I am currently preparing to lead a workshop on ‘The Christian Significance of Psychology’ for the British Association of Christians in Psychology. As I explain in a blog on the BACIP website, the original interest was in what difference being a Christian makes in psychology. However, I thought I needed to come at that through the more basic question of the Christian significance of psychology itself.
My starting point is the belief that Christ made a significant difference to the direction of human evolution, especially to how human consciousness and experience have developed. In the first part of the morning I will try to set out that view, leaning heavily on Owen Barfield and others influenced by Rudolf Steiner (though Barfield is best known as close friend of C S Lewis). I propose that Christ changed the direction of human evolution. Had it not been for that, humanity would hardly have been in a position to develop psychology, or at least it would have looked very different.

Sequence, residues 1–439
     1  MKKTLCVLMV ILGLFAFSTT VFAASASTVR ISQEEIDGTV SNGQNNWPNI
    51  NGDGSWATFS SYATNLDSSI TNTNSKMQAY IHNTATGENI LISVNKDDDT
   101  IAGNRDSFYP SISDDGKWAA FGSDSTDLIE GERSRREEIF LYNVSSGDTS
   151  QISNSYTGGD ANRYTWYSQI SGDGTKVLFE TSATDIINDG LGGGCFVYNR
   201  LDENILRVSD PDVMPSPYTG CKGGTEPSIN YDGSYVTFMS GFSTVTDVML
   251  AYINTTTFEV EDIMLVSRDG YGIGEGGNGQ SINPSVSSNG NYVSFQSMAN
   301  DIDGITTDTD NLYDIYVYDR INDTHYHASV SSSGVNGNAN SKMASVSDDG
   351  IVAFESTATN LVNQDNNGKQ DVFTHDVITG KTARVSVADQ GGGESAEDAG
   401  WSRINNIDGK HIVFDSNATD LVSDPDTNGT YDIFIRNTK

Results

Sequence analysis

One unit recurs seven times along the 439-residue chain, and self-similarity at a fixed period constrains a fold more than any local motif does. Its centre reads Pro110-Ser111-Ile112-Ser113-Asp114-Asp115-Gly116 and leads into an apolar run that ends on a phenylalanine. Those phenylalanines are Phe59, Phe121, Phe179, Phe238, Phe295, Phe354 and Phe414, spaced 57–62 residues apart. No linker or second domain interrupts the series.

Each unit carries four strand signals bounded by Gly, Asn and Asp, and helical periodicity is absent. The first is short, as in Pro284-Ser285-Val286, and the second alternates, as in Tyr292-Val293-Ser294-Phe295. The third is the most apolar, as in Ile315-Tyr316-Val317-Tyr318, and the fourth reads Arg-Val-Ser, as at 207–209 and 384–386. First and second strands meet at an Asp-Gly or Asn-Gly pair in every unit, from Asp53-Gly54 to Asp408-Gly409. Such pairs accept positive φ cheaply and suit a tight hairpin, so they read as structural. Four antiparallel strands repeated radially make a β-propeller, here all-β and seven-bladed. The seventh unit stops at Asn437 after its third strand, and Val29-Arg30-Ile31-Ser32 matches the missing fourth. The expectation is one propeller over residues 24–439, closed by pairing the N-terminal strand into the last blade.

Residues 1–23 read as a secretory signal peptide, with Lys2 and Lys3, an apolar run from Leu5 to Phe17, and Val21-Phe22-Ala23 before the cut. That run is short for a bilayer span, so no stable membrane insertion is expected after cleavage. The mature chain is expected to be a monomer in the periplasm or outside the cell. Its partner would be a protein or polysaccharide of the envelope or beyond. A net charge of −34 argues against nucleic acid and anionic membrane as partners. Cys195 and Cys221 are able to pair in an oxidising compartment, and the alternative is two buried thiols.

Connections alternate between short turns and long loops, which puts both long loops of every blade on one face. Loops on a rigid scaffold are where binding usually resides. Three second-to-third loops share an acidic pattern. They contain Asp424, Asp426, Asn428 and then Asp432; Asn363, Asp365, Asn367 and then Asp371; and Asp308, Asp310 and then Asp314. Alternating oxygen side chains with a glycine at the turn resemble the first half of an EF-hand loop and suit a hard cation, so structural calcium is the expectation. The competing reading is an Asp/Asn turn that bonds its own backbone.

In the second half of the morning I will turn to the significance of the development of something explicitly called ‘psychology’. Various strands contributed to that, including the implicit cognitivism of Enlightenment philosophy, the Protestant concern with self-examination, and the scientism of Auguste Comte and others. From a Christian point of view it is a somewhat mixed inheritance.
I will try to locate it within the Christocentric view of the evolution of consciousness that I will set out in the first session. I will take as a particular case study how the development of psychology affected our understanding of emotion, following the work of Professor Thomas Dixon, my former PhD student, who directs the Centre for the History of the Emotions at Queen Mary in the University of London.
After lunch I will explore whether, and in what sense, psychology is a quasi-religion, and the range of attitudes to psychology to be found among religious commentators. I will steer a path between those who are strongly pro and anti psychology, suggesting that psychology can go either way when interpreted from the perspective of the purposes of God.
However, on balance, I am more enthusiastic about the potential of psychology than I am anxious about it becoming misdirected. I hope that will yield a Christian evaluation of psychology, which will have pointers for how Christians would want to steer psychology. Roger Bretherton will lead a workshop in the final part of the day to explore that further.
This BACIP day will be held in Sutton Coldfield on Saturday 18th November. Everyone is welcome. For both information and to book please visit here.
I look forward to seeing a number of old friend there and to meeting new ones.